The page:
Selected Passages from Hungarian-Ottoman Wars


Csobánc (picture: Civertan)

Csobánc Castle is one of the fortresses that guarded the highlands of Lake Balaton in Hungary during the Ottoman wars. With the arrival of the Magyar tribes in the 9th century, this region was conquered by the chieftain Léd or Vérbulcsu. However, the Magyars did not conquer these lands until the second half of the 10th century. Csobánc Hill was first mentioned in 1220 when it was donated by Comes Sal of the Atyusz family.

Photo: Szöllősi Gábor

Csobánc Hill used to belong to the Keszi family, whose members served at the king’s court. We know that they had a dispute with some noblemen from Diszel about the ownership of the hill, because they had built a stone house and produced wine there. Finally, in 1225, they reached an agreement and the hill remained the property of the Keszi family, but the nobles were given the right to use the building and the vineyard. This document doesn’t mention the existence of a castle. It is assumed that the stone house was the core of the castle, but it was not mentioned as such until 1272, without naming the owner.

Photo: Szöllősi Gábor

Gyulaffy Demeter of the Rátót clan received Csobánc Castle in 1300 and appointed a castellan named Csaba. We do not know much about the history of the castle in the next 200 years. It is certain that it belonged to the Gyulaffy family until the second half of the 17th century. Here you can read more about a famous member of the Gyulaffy family:

As for the castle, in the 13th century, there was only a stone tower, but in the 14th century, it was surrounded by stone walls. We know about a castellan of Somló Castle, Leányfalusi Ágoston, who is said to have built “very useful buildings” around Csobánc Castle in 1491. It is believed that he built the outer walls, the moats, and the south-western gate tower with a deep moat in front of it. The ditch was full of sharpened stakes and covered with a board, it was called the “wolf’s ditch”. He probably built the cistern in the courtyard and had other ditches and holes dug on the plateau to hinder the enemy’s siege machines.

Photo: Szöllősi Gábor

Gyulaffy László of Rátót died around 1490 and his widow, Lady Pethő Margit, and his son János inherited the castle. According to a document from 1491, Lady Margit, with the consent of Count Kinizsi Pál of Temes County, gave the castle to her son, Pethő János. Csobánc was an important castle in the chain of fortresses of the Borderland, its most famous captain was Gyulafi László in the 16th century, a descendant of Gyulaffy László of Rátót.

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The Turks tried to take it in 1554, but they couldn’t occupy it because one of the walls collapsed during the siege. It was besieged again in 1559 but to no avail. The Ottoman historian Evija Cselebi mentions the fort and the retreat of the Turkish army. The fort became more and more dilapidated, but there was no money in Vienna to repair it, despite its strategic position. Only its garrison was increased.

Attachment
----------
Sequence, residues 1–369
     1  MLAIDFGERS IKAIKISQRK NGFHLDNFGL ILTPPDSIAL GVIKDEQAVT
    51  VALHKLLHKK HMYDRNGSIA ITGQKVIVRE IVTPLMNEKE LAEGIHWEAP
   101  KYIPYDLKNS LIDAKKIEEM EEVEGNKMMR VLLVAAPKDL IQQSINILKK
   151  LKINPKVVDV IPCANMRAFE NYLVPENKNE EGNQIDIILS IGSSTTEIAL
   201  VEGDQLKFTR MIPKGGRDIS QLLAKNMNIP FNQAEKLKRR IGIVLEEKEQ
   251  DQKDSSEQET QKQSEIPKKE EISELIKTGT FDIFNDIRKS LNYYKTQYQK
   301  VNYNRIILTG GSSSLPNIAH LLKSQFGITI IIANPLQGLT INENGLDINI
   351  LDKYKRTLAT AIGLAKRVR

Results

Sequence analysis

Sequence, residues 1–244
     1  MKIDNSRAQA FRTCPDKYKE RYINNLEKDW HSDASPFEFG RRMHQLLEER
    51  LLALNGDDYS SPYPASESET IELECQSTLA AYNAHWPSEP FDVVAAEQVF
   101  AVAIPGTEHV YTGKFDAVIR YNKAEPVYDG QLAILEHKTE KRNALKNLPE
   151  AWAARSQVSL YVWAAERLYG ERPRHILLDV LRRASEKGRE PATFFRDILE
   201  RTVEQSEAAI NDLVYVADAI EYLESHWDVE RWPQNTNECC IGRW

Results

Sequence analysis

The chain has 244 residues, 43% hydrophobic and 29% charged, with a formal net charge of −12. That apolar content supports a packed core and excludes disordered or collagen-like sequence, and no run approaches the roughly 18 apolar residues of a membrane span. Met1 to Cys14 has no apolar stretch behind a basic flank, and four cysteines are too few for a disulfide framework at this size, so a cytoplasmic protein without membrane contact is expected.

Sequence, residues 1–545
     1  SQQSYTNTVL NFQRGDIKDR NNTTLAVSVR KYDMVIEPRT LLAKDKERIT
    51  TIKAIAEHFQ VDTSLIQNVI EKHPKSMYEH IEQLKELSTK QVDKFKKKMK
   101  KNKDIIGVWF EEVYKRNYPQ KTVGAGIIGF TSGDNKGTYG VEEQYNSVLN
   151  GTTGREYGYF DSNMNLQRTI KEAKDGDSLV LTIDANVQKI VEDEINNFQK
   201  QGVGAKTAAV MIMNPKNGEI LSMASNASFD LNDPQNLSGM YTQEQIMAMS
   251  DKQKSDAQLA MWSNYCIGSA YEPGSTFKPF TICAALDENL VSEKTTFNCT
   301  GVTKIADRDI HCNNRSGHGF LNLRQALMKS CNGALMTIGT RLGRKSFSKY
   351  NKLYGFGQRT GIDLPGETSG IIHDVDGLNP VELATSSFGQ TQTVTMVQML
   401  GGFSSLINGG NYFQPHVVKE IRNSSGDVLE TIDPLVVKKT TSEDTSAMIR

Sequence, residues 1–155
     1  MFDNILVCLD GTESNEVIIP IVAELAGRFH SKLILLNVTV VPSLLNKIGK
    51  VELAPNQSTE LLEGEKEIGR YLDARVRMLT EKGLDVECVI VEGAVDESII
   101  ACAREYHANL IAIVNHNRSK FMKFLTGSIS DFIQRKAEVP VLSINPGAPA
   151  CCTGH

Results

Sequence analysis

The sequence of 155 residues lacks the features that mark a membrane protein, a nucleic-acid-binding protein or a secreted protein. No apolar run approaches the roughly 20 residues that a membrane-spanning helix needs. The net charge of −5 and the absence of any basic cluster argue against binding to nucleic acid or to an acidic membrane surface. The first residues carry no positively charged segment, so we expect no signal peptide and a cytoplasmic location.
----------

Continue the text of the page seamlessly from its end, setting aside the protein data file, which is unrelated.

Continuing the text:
Photo: Szöllősi Gábor

It was given to the Eszterházy family in 1664. Later the Austrians decided to blow it up. When the Ottoman threat had disappeared and there was no need to keep the castles in Bonderland, these fortresses became dangerous for the king. In fact, they couldn’t blow up the castle because of the War of Independence of Prince Rákóczi Ferenc II.

Photo: Szöllősi Gábor

Szász Márton, the hero of Csobánc castle

The name of Szász Márton was mentioned only once in history. He was a vice-lieutenant, and he and his 30 Hajdú soldiers, together with 30 noblemen, their wives, and children of the area, entered the castle of Csobánc. They managed to defend Csobánc on 25 February 1707.

Csobánc, a memorial plaque of the fight in 1707

It was the greatest siege of the castle, it took place during the War of Independence (1703-1711) of Prince Rákóczi Ferenc. General Jean-Louis Rabutin de Bussy moved along the Trans-Danubian region and sent a detachment led by Colonel Kreutz against Csobánc Castle. The Colonel had 1,000 soldiers.

Kuruc vs. imperial soldiers

They attacked the castle and managed to breach the gate and climb the ruined walls. However, the defenders (including the women) fought so hard that they repulsed them. About 400 imperial soldiers were killed, including 52 officers, among them was Colonel Kreutz. Szász Márton, the commander of the defenders, was also killed. Their resistance was even acknowledged by the commander-in-chief of Rákóczi’s “kuruc” troops, Bercsényi Miklós. (We called the rebels “kuruc”, while the “labanc” people supported the Austrians). In the castle of Csobánc, we can see a monument erected in 1957 to commemorate the event.

Hungarian reenactors, the Gyulaffy Banderium

No wonder, that the castle, finally taken in 1709, was blown up by the Habsburgs.

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Here are more pictures of Csobánc Castle: